An excitable Lithuanian.
Steering a dogsled.
A few more of the European national stereotypes variety:
English gourmet foods
I was thinking only of Italian government as an illustrative example when I suddenly remembered the famous saying of Charles de Gaulle, “How can you govern a country with 246 varieties of cheese?”
If I stepped on your toes with some of these, I intended to. Overall, any typical list of representative oxymora leads to the conclusion that like beauty, it’s in the eye of the beholder.
Why is steering a dogsled an oxymoron?
How’s that working out for you? Where did you expect the sled to go? The dogs are going one way; would you like the sled to steer in a different direction?
The best steering and handling sled should follow the dogs with the least effort from the driver. A sled that needs to be steered, even if it responds very well, is a big pain in the ass.
Take a Danler Sled or similar Euro design… Please!
(“Take my wife… please” was a line from comedian Henny Yongman, one of the popular performers of that era on the Borscht Belt circuit, the Jewish Alps or Catskill Mountain resorts north of New York City. The first time I heard the term Jewish Alps I was making my way to subway station in New York to get to the Grand Central train station with a stack of wooden cross country skis on my shoulder around 1968 during a heavy snowfall that paralyzed the streets. A man called out in heavy accent, “Where ya tink ya go, da Jewish Alps?”)
Take my Danler sled… please. UNFORTUNATELY it handles just like skiing, and steering a sled cannot be the same as skiing.
In skiing you put your weight on the downhill (for a side hill) or outside (for a turn) ski, bring the uphill or inside ski in next to it, and lean into the hill or into a turn. But the skis/runners of a sled are not movable. If you do lean into a turn you are putting your weight on the inside runner and often over-steering.
Mushers might notice that a dog team behaves in cornering like a long wheelbase car or truck with the rear end or dogs cutting the corner closer than the front end. Combine that with the over-steering sled… on a tight turn with a very responsive skiing-like sled, the musher has the choice to lean in, cutting the corner too close and possibly hitting the tree, fence, sign, or other obstacle ahead in or beside the trail; or lean out, off balance, to risk being thrown off the sled. Icy trails can be frightening for similar reasons.
Turnabout is fair play, so the saying goes: Man Bites Dog, Noodle Eats Danler! The Noodle Sled was an ultra-flexible sled built with plastic and aluminum in the early 1990s. Joe Runyan used one for several years; he says they were great on mogul trails. Does anyone have photos?
Some sled builders and mushers came to the conclusion that the so-called sled steering systems using lines and pulleys attaching the bridle to the driving bow, pulling the bridle to one side or the other as you move the driving bow, although ingenious and elegant engineering, are overkill. Notwithstanding, ingenious features can always serve a purpose in sales and marketing to justify a higher price.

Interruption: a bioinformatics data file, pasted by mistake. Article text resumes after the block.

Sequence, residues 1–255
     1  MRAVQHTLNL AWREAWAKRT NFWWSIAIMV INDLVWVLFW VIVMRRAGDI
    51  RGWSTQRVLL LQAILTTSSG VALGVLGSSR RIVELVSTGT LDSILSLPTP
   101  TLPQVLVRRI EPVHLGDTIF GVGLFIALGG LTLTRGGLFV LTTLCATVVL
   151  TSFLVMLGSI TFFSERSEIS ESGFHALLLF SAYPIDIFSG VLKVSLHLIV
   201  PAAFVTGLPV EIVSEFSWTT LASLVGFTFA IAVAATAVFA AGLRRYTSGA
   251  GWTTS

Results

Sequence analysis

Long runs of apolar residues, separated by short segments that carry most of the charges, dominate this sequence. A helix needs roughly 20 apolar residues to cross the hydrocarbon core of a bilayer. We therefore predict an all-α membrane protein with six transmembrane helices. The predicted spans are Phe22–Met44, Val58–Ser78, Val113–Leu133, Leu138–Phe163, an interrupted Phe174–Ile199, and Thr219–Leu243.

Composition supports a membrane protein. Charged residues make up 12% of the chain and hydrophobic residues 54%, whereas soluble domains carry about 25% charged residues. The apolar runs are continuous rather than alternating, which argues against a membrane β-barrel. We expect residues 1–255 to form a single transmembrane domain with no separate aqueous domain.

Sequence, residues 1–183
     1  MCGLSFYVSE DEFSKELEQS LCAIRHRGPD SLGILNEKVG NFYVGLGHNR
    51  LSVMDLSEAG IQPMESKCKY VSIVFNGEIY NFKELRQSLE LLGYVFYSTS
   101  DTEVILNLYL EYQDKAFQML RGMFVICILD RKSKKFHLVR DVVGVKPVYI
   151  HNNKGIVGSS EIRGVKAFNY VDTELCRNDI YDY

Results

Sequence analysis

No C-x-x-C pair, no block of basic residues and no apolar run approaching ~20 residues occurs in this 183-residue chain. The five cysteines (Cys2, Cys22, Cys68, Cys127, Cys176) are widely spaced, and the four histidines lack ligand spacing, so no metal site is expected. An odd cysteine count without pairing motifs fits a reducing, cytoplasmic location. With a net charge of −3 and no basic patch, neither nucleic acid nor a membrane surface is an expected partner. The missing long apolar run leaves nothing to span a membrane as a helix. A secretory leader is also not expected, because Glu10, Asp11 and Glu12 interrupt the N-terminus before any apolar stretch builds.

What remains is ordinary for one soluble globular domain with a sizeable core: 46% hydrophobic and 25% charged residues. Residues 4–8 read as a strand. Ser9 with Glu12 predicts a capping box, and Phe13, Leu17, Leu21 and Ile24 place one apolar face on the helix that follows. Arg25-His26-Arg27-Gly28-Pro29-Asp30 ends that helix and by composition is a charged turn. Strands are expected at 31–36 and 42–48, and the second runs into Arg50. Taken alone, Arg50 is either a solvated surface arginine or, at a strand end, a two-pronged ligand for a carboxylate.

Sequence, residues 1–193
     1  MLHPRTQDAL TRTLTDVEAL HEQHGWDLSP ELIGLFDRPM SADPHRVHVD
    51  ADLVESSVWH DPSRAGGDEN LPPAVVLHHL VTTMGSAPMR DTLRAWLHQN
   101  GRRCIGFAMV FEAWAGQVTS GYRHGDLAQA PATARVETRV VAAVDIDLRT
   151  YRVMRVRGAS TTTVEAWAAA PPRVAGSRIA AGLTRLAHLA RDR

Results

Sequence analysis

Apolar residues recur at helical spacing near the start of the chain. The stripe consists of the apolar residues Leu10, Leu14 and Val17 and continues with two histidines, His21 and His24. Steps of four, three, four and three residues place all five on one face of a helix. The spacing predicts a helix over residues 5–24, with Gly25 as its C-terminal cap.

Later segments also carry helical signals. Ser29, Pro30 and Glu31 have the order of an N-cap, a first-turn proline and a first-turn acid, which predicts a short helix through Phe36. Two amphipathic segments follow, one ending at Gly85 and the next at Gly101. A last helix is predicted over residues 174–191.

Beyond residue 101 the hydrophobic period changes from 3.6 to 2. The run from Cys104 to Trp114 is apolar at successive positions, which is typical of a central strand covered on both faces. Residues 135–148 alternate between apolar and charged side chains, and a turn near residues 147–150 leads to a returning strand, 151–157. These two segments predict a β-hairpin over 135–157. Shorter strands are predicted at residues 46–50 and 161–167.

The exception where this type of amplified steering can be helpful is the freight or tourist transport sled, where the heavy load makes ordinary sleds unresponsive. The first big toboggan sleds that I built around 40 years ago had an 8 foot (250 cm) long plastic toboggan bed but the tail of the runners was barely long enough to stand on, an advantage for steering and handling. These sleds could be steered like a canoe, by moving the rear of the sled sideways to point in the direction you wanted to go.
Long ago basket style freight sleds were steered from the front with a “gee pole” that gave leverage to the driver who either ran along in front of the sled behind the wheel dogs or rode a “ouija board” in the same position. Now my mind is groping for a memory of something Ross Saunderson did in the North American Championships… was it a kind of mini-sled between the tails of the runners to stand on at the road crossings so the plastic on the sled runners would not get roughed up?
Another issue, though not so much about steering, is the optimum width of the runners or skis. If you believe cross country skis are comparable to dogsled runners, remember that for sliding and load bearing, in XC skiing your weight is usually on one or the other and not on both. So the equivalent load bearing sled runner would be half the width of a ski, not the same width.
With mid and long distance mushers, the other problem is that an overly steerable and responsive sled on a typical uneven, rough, or winding trail requires constant attention for hours. If you end up with a sore neck and shoulders at the end of the day, blame your sled.
Later another aspect of “something’s gotta give,” the interplay between steering, bridle design, and crash-worthiness.